Canine deafness is a common problem, especially in older animals, but it can be caused by a congenital problem and appear in puppies. It is important to know if your dog is deaf as this can affect his safety. A deaf dog that cannot hear a car approaching may be run over, run into the bush, not hear it being called, and get lost.
Method 1 of 3: Observing the Signs of Deafness
Step 1. Take your dog's breed into consideration
Some breeds have a higher risk of congenital deafness (of being born deaf) than others. These include: the Dalmatian, Australian Cattle, Cocker Spaniel, English Setter, Beagle, Border Terrier, English Bulldog, Poodle, Papillon, Pointer, Rhodesian Ridgeback and Shetland Shepherd.
Keep in mind that, regardless of breed, all puppies are deaf until they reach the 10-14 day old mark. After that, their ear canals open up
Step 2. Pay attention to see if your puppy bites harder than the others in the litter
Maybe he can't hear the complaints that would indicate to him that he's being too violent.
If your puppy is deaf, it is possible that he will be the last of the litter to eat, as he cannot hear the feeder being placed on the ground. While others respond quickly to the sound of the food bag, a deaf puppy will seem not to notice it or continue to sleep
Step 3. Replace verbal with visual or physical commands to test your puppy's hearing
In general, it's more difficult to train a dog if he's deaf, as he doesn't hear commands. However, you need to be able to differentiate rebellion from deafness using visual commands.
For example, if while playing with the puppy, it bites very hard, instead of screaming, try blowing it hard in the face while holding one hand up making the “stop” sign. If the puppy is obedient but deaf, he will quickly learn that the palm of your hand facing him is equivalent to a nasty blow in the face, and will ease with bites
Step 4. Watch the dog to see if his ears move with noise
A deaf dog's ears don't move as much as a deaf dog's. While hearing puppies move their ears to better localize a sound by lifting them or pulling them to one side, a deaf puppy will not do this.
Step 5. Watch to see if your grown dog's habits and tendencies have started to change
As part of the aging process, dogs can have hearing loss and become deaf.
- Maybe your dog is going deaf if he doesn't wake up when you get home from work like he used to, or he's no longer afraid of loud sounds like the vacuum cleaner, thunderstorms or fireworks.
- An older dog who starts to suffer from deafness may become more disobedient, not come to you when called, not perform commands when he can't see you or appear to understand you only when you're in his field of vision, and not hear what did you say.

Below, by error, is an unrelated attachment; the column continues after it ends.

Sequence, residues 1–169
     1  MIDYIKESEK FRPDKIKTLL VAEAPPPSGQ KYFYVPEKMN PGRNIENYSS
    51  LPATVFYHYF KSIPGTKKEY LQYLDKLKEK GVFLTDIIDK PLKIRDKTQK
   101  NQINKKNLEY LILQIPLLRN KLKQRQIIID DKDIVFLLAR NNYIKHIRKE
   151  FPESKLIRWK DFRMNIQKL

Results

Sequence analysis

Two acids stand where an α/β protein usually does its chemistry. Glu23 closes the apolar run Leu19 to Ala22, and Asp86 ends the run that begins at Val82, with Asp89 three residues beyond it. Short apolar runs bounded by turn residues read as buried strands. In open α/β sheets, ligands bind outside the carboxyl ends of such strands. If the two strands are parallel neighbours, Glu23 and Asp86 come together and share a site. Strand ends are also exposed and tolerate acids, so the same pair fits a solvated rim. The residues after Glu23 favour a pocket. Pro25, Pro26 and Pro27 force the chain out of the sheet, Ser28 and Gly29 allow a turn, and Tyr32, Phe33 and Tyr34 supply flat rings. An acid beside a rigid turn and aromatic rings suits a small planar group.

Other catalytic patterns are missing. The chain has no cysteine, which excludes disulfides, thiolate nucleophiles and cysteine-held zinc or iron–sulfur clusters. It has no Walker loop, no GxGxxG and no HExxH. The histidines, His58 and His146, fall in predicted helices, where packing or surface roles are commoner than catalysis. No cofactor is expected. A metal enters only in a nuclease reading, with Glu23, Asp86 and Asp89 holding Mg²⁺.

- A dog with a hearing loss can also be easily frightened because it cannot hear other people or animals approaching. For example, your dog may jump or growl when you approach him from behind.
Method 2 of 3: Taking a Home Hearing Test
Step 1. Close the lids of two pans, clap your hands and blow a whistle
If your dog doesn't react to any of these sounds, he may be deaf. You can even turn on the vacuum cleaner or shake a jar of cookies out of sight.
Step 2. Always produce these sounds at a good distance from your dog
Do not do this home test too close to your dog, as his other senses will be too sharp if he is losing his hearing.
- If, for example, he feels a breeze in his whiskers when you hit a pot, or he feels vibrations on the floor when the vacuum is on, it might look like he can hear the noise.
- Keep in mind that your dog may be deaf in only one ear while he is hearing in the other, being able to react in some way to these tests. The only difference is that it can look around, as if confused, trying to locate the source of the sound.
Step 3. Take your dog to the park and call his name as he runs
Of course, some dogs are simply rebellious or distracted, not deaf. Watch to see if his habits outside the home have changed or not.
- An obedient dog that cannot hear its owner's call may appear confused or stressed. His head could go from side to side and he could go around in circles, as if he was lost.
- When he takes distance, the dog can look for you visually.
- If you call out his name, his ears should lean towards the source of the sound. So pay attention to see if his ears are moving in random directions or if they snap back to the right spot.
Method 3 of 3: Taking a Vet Test
Step 1. See a veterinarian
While your veterinarian uses many of the hearing tests mentioned here, he will also examine the dog's ears for signs of an infection, discharge or swelling impairing the dog's ability to hear.
Step 2. Talk to your veterinarian to order a BERA exam
The BERA exam (Brainstem Auditory Evoked Response) is a sophisticated laboratory test that can be used in two ways. It can give you a yes or no answer about whether your puppy is deaf, or it can give you a more complex reading to determine the specific degree of deafness in your dog. The second type of test requires your puppy to be sedated and is rarely used.
Equipment for performing the BERA test is expensive and difficult to find in Brazil
Step 3. Give the expert permission to take the BERA test
During the exam, a series of clicks are repeated in your dog's ear canal through headphones. Three small electrodes are placed on his head. They measure the brain's response to clicks.
- The electrical response is recorded and interpreted by a computer program that shows whether or not the dog has passed the test. Then, with the test results, your veterinarian can confirm that your dog is deaf.
- This test can be conducted without sedation.